More details on Miami Tennis Cup website and Facebook page.

6. The Davis Cup’s schedule also has to be brought into the real world. Should it be held for a week every other year, like golf’s Ryder Cup? Or maybe once a year? Whatever the answer, the powers-that-be need to
sit down and decide how to re-interest tennis’ top players in participating in this great event.

Changing the Davis Cup format has been a huge argument over recent years, as top players have shown their “intolerance” towards this event that is such a part of tennis history. Many suggested that it becomes a biennial event or a Ryder Cup style event. Rafael Nadal, one of the more frequent Davis Cup players, has also once stated it should be played at the best of three sets… I think these format changes would only depreciate the competition. The way it is, Davis Cup has contributed to bring the sport in many parts of the world that are excluded from élite tennis or can’t afford to host top-level tournaments. Maybe an increase of the number of matches in the ties would prevent a country with only a big player from succeeding and would provide a fairer representation of the real tennis power of a nation. Where players are right, instead, is on the calendar collocation of the Davis Cup. Such a big event can’t be placed in the week immediately after Wimbledon or the US Open: this is clearly an aspect that discourages the big names from taking part in it and on which the heads of the game should really work.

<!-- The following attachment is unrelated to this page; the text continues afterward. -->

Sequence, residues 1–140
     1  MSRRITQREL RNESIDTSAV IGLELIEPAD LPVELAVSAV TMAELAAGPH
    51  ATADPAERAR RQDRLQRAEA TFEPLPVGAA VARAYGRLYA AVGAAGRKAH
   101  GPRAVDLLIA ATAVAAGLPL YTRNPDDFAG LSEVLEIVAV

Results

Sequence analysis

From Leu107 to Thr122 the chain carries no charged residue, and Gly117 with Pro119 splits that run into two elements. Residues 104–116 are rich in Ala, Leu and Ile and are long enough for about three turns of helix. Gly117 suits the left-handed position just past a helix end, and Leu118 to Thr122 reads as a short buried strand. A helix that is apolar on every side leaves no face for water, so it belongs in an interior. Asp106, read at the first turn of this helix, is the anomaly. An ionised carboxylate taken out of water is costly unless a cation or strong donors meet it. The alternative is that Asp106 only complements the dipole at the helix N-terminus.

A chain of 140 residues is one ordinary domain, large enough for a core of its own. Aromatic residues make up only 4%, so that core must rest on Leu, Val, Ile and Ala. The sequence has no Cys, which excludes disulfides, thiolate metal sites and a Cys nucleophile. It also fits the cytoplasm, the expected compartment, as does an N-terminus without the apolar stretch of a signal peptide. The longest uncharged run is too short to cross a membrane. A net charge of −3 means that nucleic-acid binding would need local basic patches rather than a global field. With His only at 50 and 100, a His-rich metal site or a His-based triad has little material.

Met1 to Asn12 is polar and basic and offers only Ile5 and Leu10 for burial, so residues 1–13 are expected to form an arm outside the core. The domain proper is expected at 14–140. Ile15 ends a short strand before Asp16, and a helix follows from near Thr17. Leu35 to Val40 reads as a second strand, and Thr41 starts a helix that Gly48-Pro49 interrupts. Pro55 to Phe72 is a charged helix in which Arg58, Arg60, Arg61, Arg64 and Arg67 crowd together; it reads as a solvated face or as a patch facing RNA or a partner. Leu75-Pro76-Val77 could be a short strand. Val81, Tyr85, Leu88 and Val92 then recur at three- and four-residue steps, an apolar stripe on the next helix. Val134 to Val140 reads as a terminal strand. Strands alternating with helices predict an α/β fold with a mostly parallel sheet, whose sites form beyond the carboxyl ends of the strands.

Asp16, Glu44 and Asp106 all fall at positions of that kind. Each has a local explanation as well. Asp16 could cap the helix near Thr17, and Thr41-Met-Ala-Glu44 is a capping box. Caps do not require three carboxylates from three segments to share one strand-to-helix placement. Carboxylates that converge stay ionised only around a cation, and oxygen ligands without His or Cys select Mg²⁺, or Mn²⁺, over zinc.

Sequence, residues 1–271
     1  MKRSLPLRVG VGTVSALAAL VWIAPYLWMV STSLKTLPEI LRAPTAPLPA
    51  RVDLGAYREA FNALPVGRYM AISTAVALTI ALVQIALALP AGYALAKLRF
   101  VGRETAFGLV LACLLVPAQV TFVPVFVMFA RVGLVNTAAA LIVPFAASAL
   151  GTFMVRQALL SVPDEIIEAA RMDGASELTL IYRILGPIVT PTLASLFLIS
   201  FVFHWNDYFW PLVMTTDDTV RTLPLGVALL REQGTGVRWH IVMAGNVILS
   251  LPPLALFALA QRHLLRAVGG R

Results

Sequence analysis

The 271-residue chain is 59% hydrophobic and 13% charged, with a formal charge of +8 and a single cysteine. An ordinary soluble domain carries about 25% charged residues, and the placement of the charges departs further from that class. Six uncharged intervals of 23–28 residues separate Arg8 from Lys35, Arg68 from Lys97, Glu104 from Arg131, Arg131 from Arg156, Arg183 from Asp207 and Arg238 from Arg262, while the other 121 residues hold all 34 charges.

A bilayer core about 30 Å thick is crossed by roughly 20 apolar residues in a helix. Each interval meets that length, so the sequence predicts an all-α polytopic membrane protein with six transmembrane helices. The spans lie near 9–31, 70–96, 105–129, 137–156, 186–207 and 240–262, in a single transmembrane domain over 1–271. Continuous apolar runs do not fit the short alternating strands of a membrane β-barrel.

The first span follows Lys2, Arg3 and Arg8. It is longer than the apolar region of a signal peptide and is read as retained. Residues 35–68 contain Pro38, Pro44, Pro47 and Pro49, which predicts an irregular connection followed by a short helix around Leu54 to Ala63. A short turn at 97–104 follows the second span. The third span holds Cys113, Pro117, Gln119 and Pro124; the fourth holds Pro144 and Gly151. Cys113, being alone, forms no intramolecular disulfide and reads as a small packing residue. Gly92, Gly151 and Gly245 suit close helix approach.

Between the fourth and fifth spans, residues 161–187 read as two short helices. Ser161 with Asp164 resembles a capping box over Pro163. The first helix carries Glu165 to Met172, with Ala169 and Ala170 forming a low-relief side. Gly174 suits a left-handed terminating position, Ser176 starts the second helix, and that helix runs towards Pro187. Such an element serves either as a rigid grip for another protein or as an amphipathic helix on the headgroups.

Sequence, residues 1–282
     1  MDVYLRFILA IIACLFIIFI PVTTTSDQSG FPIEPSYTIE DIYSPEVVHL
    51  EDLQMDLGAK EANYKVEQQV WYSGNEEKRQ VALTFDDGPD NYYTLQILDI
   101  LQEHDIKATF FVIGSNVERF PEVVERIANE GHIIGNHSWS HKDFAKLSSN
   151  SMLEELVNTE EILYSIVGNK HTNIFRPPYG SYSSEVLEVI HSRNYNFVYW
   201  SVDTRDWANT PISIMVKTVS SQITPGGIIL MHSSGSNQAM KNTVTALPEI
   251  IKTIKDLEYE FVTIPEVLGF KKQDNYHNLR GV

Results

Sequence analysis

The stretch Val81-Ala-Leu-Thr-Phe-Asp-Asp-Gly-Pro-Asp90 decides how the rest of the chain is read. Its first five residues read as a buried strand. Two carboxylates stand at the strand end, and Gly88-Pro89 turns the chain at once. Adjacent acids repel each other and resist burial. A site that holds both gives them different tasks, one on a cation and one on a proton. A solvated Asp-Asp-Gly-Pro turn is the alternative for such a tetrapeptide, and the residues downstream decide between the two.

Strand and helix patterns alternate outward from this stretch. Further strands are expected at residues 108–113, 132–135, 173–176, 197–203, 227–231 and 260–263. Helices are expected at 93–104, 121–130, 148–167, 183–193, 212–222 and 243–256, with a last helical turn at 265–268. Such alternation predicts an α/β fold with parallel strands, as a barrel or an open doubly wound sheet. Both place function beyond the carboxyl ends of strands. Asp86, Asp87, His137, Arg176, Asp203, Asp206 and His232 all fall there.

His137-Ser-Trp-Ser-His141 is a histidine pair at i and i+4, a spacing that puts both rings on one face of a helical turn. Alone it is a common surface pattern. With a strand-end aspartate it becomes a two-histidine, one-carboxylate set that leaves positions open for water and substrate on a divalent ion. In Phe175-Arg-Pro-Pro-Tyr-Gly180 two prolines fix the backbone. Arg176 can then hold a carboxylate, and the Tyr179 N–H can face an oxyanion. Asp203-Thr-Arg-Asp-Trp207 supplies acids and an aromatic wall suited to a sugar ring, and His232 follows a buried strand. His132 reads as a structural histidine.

7. Only tennis’ top-notch amateurs should be allowed to compete in the Olympics. The lure of a gold medal would encourage young players to stay in college and wait longer to turn pro. The results would be more mature professionals and a purer Olympics.

To be admitted in the Olympics has been a great conquer for our sport. Though winning a gold medal will never be the same as winning a Major tournament for most of the players, you can’t deny that competing for your nation in a stage like the Olympics has a huge charm for any athlete. What would be the meaning of making amateurs compete at the Olympics? Do you really think a single person in the world would love to watch Mr. John Smith play on the Wimbledon Centre Court in 2012? Or do you think that a young who aims at becoming a professional tennis player would wait longer to turn pro, encouraged by the prospect of winning a gold medal for his/her country competing against other amateurs? Sports have changed since Pierre De Coubertin’s age. You can’t even think of sports today without thinking of the media and world-wide audiences. Tennis already struggles to find room on the general media. If played by amateurs, it would be completely cut off.

8. The service line should be moved three to six inches closer to the net. The serve has become far too important to tennis – especially at Wimbledon, where the best fans in the world sit patiently through rain delays, only to sit through boring serve-a-thons.